10 places where anyone can learn to code

Teens, tweens and kids are often referred to as “digital natives.” Having grown up with the Internet, smartphones and tablets, they’re often extraordinarily adept at interacting with digital technology. But Mitch Resnick, who spoke at TEDxBeaconStreet in November, is skeptical of this descriptor. Sure, young people can text and chat and play games, he says, “but that doesn’t really make you fluent.”

Fluency, Resnick proposes in today’s talk, comes not through interacting with new technologies, but through creating them. The former is like reading, while the latter is like writing. He means this figuratively — that creating new technologies, like writing a book, requires creative expression — but also literally: to make new computer programs, you actually must write the code.

The point isn’t to create a generation of programmers, Resnick argues. Rather, it’s that coding is a gateway to broader learning. “When you learn to read, you can then read to learn. And it’s the same thing with coding: If you learn to code, you can code to learn,” he says. Learning to code means learning how to think creatively, reason systematically and work collaboratively. And these skills are applicable to any profession — as well as to expressing yourself in your personal life, too.

In his talk, Resnick describes Scratch, the programming software that he and a research group at MIT Media Lab developed to allow people to easily create and share their own interactive games and animations. Below, find 10 more places you can learn to code, incorporating Resnick’s suggestions and our own.

  1. At Codecademy, you can take lessons on writing simple commands in JavaScript, HTML and CSS, Python and Ruby. (See this New York Times piece from last March, on Codecademy and other code-teaching sites, for a sense of the landscape.)
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  2. One of many programs geared toward females who want to code, Girl Develop It is an international nonprofit that provides mentorship and instruction. “We are committed to making sure women of all ages, races, education levels, income, and upbringing can build confidence in their skill set to develop web and mobile applications,” their website reads. “By teaching women around the world from diverse backgrounds to learn software development, we can help women improve their careers and confidence in their everyday lives.”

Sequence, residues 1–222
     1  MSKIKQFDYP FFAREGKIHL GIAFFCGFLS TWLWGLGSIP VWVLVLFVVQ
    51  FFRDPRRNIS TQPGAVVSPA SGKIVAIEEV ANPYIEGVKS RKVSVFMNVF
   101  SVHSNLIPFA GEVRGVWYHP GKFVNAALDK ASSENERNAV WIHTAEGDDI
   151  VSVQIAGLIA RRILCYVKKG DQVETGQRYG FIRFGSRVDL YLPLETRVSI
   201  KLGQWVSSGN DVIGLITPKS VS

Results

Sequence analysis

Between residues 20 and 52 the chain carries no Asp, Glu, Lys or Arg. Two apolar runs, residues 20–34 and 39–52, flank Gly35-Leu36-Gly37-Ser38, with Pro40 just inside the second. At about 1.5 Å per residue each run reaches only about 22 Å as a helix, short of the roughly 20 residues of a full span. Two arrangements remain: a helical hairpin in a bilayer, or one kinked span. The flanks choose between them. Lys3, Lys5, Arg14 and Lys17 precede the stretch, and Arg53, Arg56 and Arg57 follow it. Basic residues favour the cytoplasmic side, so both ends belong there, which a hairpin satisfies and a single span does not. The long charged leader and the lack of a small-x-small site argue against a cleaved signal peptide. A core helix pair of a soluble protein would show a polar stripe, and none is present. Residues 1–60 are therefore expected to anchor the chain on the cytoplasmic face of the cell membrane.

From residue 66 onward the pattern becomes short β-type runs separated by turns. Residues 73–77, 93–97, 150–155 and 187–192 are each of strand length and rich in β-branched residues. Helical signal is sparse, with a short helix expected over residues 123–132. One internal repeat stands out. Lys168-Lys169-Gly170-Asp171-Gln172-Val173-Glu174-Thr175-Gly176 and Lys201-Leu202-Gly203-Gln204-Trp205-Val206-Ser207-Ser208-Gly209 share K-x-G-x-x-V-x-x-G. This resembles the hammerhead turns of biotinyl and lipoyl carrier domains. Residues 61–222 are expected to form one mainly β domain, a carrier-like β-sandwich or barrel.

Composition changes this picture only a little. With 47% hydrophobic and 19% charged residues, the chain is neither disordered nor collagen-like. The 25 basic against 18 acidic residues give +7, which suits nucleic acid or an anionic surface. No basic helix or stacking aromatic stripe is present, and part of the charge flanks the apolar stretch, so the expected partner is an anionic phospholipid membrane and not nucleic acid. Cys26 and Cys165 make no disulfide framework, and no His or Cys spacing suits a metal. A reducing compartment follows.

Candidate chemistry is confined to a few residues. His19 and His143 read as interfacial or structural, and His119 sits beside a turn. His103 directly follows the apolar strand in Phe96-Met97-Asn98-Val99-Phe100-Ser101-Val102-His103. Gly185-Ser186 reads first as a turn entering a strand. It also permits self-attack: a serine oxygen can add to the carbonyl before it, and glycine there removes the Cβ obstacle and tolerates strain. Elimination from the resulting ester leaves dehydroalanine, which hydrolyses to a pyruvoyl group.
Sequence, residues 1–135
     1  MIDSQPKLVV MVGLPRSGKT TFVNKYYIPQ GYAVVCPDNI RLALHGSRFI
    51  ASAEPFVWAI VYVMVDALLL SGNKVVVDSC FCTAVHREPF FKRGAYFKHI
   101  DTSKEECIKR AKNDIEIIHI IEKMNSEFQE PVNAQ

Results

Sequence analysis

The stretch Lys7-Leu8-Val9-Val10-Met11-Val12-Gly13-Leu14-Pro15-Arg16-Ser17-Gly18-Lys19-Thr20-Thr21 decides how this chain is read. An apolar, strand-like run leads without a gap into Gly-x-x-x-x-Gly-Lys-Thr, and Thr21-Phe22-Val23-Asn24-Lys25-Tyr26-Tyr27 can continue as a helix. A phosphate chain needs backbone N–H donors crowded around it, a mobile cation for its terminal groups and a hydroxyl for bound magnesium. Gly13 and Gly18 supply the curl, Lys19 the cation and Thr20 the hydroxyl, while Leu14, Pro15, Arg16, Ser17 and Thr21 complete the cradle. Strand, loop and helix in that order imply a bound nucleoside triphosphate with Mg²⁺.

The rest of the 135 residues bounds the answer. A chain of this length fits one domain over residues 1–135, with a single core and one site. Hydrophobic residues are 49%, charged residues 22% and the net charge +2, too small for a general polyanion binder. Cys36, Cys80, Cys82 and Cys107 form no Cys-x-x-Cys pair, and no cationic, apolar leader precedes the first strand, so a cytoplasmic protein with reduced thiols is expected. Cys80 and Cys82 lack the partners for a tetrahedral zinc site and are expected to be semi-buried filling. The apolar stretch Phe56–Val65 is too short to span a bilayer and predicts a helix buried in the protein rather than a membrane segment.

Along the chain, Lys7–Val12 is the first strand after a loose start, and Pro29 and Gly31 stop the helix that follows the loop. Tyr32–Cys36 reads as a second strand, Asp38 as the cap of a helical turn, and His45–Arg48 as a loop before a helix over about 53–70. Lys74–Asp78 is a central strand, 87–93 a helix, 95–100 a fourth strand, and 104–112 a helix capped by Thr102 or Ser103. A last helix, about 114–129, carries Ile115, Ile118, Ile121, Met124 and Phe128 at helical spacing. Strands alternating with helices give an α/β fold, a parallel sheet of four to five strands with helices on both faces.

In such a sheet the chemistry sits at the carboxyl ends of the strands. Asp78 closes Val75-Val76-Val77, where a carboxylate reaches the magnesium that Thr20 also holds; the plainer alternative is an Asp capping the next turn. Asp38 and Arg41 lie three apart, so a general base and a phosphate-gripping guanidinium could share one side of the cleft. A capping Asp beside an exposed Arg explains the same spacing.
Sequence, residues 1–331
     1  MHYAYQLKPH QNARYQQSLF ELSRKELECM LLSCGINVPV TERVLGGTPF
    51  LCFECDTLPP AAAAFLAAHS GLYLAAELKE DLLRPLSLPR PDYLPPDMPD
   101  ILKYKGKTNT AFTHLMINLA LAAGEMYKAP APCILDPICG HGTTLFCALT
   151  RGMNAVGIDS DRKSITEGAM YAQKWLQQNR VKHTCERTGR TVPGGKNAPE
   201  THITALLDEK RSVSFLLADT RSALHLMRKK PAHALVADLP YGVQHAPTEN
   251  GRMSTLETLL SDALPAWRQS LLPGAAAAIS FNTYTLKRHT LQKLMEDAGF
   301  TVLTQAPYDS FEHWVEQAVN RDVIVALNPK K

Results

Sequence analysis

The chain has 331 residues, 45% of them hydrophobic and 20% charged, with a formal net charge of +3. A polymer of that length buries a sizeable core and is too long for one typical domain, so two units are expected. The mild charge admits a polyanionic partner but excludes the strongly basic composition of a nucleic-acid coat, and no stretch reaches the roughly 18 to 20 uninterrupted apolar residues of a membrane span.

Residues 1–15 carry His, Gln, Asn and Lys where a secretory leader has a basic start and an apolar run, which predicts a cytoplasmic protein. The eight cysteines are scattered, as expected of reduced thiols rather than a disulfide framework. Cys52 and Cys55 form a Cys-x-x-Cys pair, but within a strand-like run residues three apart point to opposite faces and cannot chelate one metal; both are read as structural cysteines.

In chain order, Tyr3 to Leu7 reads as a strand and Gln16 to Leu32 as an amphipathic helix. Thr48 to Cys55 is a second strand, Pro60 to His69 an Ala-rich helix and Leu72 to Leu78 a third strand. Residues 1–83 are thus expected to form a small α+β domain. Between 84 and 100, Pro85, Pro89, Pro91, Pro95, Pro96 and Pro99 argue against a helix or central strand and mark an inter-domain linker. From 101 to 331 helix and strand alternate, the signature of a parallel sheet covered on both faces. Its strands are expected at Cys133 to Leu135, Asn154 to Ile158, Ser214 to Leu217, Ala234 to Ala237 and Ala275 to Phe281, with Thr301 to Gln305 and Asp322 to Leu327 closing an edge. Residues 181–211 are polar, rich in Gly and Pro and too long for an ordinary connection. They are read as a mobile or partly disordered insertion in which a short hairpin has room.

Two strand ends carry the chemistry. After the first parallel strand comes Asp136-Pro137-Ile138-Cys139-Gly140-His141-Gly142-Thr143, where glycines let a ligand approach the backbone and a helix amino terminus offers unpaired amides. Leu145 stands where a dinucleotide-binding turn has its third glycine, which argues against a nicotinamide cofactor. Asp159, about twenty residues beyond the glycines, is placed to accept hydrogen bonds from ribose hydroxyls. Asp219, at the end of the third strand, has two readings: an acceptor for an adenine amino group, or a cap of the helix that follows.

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  3. Stanford University’s Udacity is one of many sites that make college courses—including Introduction to Computer Science—available online for free. (See our post on free online courses for more ideas.)
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  4. If college courses seem a little slow, consider Code Racer, a “multi-player live coding game.” Newbies can learn to build a website using HTML and CSS, while the more experienced can test their adeptness at coding.
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  5. The Computer Clubhouse, which Resnick co-founded, works to “help young people from low-income communities learn to express themselves creatively with new technologies,” as he describes. According to Clubhouse estimates, more than 25,000 kids work with mentors through the program every year.
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  6. Through CoderDojo’s volunteer-led sessions, young people can learn to code, go on tours of tech companies and hear guest speakers. (Know how to code? You can set up your own CoderDojo!)
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  7. Code School offers online courses in a wide range of programming languages, design and web tools.

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http://blog.ted.com/2013/01/29/10-places-where-anyone-can-learn-to-code/